26. 26. ❙ Academic Leadership Capabilities for HigherEducationQLDBrisbane Catholic Education Office❙ Who’s coming to School?Disability Services Queensland❙ Evaluation of the Post-school Services ProgramQueensland Department of Education, Training & TheArts❙ Queensland Education Performance ReviewSAAustralian Principals Association❙ Whole School Matters❙ Assistance with Teaching and Learning BookletDepartment of Education and Children’s Services❙ Variance Partitioning of PISA DataTasmaniaAlliance of Girls Schools❙ Review of Senior Secondary achievement in theAlliance of Girls SchoolsVictoriaAssociation of Independent Schools in Victoria❙ Building Educational Effectiveness in IndependentSchoolsAustralian Principals Associations Professional
  27. 27. Development Council❙ Dare to LeadBallarat and Clarendon College❙ Conducting Years P-2 literacy and numeracyassessments and reporting resultsCatholic Education Office❙ Student Exit Survey❙ AGQTP Administration - Professional Learning❙ Plan for an Evaluation and Revision of theLeadership Standards Framework - CatholicEducation Office❙ Primary Principal AppraisalDepartment of Education and Early ChildhoodDevelopment❙ Evaluation of the Literacy Improvement TeamsInitiative, 2007-2008❙ Assessment of English in the Early Years ofSchooling❙ Current best practice approaches to improvingconsistency in teacher judgments❙ On Track❙ An Integrated Approach to Improving StudentOutcomes in a Community13❙ Integrated birth to 18 Learning and Development:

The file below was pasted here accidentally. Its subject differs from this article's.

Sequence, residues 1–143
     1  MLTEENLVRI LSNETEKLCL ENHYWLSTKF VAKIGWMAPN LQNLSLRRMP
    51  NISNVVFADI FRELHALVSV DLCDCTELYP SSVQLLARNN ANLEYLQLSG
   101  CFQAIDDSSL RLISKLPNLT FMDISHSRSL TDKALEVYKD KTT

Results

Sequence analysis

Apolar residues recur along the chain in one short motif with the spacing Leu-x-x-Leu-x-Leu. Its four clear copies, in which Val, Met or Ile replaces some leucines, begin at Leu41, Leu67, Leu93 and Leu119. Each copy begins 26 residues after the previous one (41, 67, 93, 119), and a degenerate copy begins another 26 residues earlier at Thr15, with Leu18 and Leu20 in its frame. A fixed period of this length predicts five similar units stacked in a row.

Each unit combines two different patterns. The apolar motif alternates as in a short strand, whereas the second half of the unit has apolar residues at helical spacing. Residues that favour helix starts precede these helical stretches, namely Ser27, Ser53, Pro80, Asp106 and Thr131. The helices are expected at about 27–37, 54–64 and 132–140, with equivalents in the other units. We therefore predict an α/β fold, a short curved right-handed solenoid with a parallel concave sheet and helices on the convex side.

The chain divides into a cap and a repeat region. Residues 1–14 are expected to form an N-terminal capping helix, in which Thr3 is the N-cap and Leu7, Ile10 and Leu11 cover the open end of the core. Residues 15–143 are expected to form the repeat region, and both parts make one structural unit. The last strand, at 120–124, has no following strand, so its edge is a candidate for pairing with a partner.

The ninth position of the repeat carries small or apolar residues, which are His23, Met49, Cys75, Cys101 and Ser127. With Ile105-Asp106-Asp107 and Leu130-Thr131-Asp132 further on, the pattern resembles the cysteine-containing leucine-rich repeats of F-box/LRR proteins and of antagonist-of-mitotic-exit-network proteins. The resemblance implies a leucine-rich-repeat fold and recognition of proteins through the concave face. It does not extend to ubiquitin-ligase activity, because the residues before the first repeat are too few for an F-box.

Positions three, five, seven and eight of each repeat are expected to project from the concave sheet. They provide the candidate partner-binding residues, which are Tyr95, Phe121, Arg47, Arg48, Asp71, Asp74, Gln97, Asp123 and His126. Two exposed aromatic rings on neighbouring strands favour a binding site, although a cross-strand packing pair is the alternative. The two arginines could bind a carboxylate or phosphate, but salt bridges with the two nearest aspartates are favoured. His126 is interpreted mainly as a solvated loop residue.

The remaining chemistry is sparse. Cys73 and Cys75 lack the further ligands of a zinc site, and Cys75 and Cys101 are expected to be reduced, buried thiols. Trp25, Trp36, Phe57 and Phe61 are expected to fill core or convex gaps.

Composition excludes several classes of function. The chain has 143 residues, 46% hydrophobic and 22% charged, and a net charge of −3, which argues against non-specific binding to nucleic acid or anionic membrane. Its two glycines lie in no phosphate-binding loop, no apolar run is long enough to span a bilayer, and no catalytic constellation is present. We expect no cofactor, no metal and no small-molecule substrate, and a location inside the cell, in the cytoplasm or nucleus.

28. 28. Research, Policy, Practice❙ TIMSS 2007 Study of High Achieving Countries❙ Sample Assessment Project - Stage 1Department of Family and Community Services❙ Longitudinal Survey of Australian Children❙ Assessment Informing Teaching and Learning(AITL)Department of Justice❙ Gambling and Young PeopleE-Works❙ Flexible Learning Toolboxes ProjectMelbourne Development International❙ Assistance with design, development,implementation and support for AusAidEducational Resource FacilityMurdoch Children’s Research Institute❙ Hosting and Development of Australian EarlyDevelopment Index❙ Raising Children NetworkRMIT University❙ RMIT Academic Promotions ReviewSkills Victoria❙ Analysis of University Student EntryUniversity of Melbourne❙ Teaching Quality Indicators in Higher Education